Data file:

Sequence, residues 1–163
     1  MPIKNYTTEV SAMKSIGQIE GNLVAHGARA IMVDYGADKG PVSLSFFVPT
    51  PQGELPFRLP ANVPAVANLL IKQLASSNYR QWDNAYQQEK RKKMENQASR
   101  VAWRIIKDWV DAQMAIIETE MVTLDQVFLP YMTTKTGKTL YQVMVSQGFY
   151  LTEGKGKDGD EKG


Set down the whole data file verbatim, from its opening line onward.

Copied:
Sequence, residues 1–163
     1  MPIKNYTTEV SAMKSIGQIE GNLVAHGARA IMVDYGADKG PVSLSFFVPT
    51  PQGELPFRLP ANVPAVANLL IKQLASSNYR QWDNAYQQEK RKKMENQASR
   101  VAWRIIKDWV DAQMAIIETE MVTLDQVFLP YMTTKTGKTL YQVMVSQGFY
   151  LTEGKGKDGD EKG